It has been ranked among the happiest places in the world despite widespread unrest, political crisis and recession. Now one Nigerian state has a minister in charge of contentment. The commissioner for happiness and couples’ fulfillment is the brainchild of Rochas Okorocha, governor of the southeastern state of Imo.
Okorocha, who was previously widely criticized for using public funds to erect statues of prominent African leaders, on Monday appointed his sister to the post. Ogechi Ololo now takes up the first such portfolio in Nigeria. She previously served as Okorocha’s deputy chief of staff and special adviser on domestic matters, in charge of Christmas decorations.
The governor’s spokesman, Sam Onwuemeodo, could not provide exact details of Ololo’s responsibilities when contacted on Tuesday, but said: “There is nothing unusual about the appointment”. “The governor is a man of ideas, always introducing new things to governance.” The commissioner’s job “is an innovation that should be copied by other governors,” he added. He “wants to always make the people happy. That’s why he has created a ministry for that purpose.”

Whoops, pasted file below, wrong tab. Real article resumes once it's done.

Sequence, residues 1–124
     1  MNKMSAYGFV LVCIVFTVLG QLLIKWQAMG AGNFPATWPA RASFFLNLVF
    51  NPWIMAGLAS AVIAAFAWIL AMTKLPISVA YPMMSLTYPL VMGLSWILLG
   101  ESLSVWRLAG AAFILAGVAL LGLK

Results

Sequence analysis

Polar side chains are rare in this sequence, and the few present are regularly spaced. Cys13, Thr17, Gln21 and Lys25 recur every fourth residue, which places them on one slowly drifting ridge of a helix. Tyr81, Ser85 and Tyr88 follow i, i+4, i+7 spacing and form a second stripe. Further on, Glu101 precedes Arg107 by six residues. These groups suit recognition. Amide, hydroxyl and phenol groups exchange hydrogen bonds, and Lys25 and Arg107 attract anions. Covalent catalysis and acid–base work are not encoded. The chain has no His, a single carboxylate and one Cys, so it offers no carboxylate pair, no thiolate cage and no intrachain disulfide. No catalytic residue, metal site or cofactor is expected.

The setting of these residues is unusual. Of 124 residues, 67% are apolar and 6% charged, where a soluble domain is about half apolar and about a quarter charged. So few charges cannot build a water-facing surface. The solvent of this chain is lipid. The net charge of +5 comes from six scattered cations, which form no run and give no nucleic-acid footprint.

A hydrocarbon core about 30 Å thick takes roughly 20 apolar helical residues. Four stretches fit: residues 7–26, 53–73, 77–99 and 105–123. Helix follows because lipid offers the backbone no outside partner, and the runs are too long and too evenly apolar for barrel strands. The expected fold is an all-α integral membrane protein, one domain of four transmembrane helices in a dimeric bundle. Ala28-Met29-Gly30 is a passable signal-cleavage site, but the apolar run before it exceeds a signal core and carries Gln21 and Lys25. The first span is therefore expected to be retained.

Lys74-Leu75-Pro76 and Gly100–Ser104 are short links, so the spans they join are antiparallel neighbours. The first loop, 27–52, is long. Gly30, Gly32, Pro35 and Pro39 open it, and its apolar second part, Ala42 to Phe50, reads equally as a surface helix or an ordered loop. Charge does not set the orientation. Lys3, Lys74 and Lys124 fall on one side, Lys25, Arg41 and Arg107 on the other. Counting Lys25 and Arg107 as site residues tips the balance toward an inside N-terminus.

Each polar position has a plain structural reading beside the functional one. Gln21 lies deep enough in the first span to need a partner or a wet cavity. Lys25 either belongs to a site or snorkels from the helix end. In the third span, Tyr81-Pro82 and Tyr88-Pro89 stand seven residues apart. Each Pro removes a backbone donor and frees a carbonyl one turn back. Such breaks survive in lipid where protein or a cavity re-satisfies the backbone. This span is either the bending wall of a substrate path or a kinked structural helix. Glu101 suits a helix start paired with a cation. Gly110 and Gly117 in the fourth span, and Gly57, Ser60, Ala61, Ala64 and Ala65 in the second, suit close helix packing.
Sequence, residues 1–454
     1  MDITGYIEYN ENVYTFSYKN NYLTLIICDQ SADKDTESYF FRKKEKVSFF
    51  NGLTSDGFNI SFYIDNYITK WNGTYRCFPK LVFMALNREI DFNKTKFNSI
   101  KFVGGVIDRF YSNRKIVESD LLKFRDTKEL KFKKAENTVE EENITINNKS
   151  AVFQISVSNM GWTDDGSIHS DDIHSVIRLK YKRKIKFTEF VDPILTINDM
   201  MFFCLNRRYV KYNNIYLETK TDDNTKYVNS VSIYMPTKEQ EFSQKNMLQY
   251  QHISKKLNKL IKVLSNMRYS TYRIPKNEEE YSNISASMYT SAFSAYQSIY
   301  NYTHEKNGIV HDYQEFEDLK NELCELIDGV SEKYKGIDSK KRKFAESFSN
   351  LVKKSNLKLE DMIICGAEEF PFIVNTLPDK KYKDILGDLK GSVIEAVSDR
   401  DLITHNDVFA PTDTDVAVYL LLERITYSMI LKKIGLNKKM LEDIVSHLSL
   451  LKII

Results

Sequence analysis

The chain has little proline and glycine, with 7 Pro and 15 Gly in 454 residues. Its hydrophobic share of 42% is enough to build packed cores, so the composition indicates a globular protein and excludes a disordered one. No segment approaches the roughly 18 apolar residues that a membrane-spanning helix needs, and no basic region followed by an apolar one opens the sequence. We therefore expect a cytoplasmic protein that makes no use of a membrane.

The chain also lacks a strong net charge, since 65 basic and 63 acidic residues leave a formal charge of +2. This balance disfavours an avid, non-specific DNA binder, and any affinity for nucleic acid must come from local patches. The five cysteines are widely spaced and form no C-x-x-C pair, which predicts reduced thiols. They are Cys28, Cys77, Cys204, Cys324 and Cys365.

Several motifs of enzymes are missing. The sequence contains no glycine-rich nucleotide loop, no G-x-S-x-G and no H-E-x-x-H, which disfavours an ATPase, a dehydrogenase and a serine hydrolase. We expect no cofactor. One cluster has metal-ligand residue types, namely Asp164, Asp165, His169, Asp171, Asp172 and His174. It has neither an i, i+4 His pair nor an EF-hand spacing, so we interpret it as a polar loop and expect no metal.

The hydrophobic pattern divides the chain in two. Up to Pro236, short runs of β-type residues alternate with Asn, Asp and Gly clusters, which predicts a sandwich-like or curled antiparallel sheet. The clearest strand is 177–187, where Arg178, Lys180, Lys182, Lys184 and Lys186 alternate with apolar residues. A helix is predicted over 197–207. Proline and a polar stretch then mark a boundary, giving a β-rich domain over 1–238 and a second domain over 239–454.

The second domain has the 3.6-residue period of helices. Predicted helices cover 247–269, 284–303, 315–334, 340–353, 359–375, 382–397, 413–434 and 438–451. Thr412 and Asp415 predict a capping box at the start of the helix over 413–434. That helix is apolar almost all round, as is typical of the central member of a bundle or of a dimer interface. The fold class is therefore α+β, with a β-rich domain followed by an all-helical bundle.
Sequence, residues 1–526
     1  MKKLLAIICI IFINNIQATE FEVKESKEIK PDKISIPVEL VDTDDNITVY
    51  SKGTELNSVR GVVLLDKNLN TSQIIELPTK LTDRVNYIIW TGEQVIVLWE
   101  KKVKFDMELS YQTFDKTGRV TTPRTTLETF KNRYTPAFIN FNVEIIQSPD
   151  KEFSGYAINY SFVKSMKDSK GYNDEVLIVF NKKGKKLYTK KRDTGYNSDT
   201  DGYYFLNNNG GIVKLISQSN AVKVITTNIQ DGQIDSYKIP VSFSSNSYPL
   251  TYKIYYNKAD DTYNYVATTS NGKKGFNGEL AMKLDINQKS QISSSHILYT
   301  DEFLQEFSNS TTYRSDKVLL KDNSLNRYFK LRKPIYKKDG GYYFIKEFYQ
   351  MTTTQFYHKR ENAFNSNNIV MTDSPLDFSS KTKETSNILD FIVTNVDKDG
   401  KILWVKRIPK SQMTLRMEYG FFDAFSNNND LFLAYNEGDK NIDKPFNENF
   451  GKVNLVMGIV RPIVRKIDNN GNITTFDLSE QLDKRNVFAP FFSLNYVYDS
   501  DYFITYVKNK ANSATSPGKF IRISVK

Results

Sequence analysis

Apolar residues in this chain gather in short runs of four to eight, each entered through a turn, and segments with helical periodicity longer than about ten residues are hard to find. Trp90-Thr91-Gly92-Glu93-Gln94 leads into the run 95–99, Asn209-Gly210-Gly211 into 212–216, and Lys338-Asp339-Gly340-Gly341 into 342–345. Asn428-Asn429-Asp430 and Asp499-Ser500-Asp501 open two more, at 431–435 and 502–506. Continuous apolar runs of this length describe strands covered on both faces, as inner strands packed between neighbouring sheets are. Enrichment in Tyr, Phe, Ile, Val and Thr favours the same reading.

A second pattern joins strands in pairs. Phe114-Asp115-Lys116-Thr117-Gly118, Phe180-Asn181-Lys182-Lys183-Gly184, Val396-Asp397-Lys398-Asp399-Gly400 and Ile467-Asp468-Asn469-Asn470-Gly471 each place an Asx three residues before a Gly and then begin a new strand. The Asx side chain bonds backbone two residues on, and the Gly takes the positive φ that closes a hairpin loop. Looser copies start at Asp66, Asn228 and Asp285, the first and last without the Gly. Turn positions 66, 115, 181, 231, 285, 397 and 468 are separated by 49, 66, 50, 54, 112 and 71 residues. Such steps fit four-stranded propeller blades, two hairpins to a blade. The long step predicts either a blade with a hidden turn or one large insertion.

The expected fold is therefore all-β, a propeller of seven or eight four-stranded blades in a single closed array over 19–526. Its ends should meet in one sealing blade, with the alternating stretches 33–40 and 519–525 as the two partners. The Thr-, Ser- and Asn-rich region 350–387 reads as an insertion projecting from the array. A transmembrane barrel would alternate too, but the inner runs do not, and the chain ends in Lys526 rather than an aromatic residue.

The remote Himalayan kingdom of Bhutan is known for measuring its success by Gross National Happiness rather than Gross Domestic Product. Criteria taken into account include psychological well-being, health, education, vitality in the community and the living standards enjoyed by the population.
Okorocha, a leading member in President Muhammadu Buhari’s All Progressives Congress party, is one of Nigeria’s best known but also controversial state governors. He has been accused of appointing family members and cronies to government offices without regard to the state’s lean finances, including naming his son-in-law as chief of staff.
In recent months he has honored Liberia’s outgoing President Ellen Johnson Sirleaf and South Africa’s Jacob Zuma with statues in the state. Zuma’s statue was reported to have cost 520 million naira ($1.4 million, 1.2 million euros). Okorocha was criticized for the expense as public sector workers in Imo were owed several months’ salary. He has also been criticized for spending millions of naira to put up a Christmas tree reputed to be one of the biggest in the world.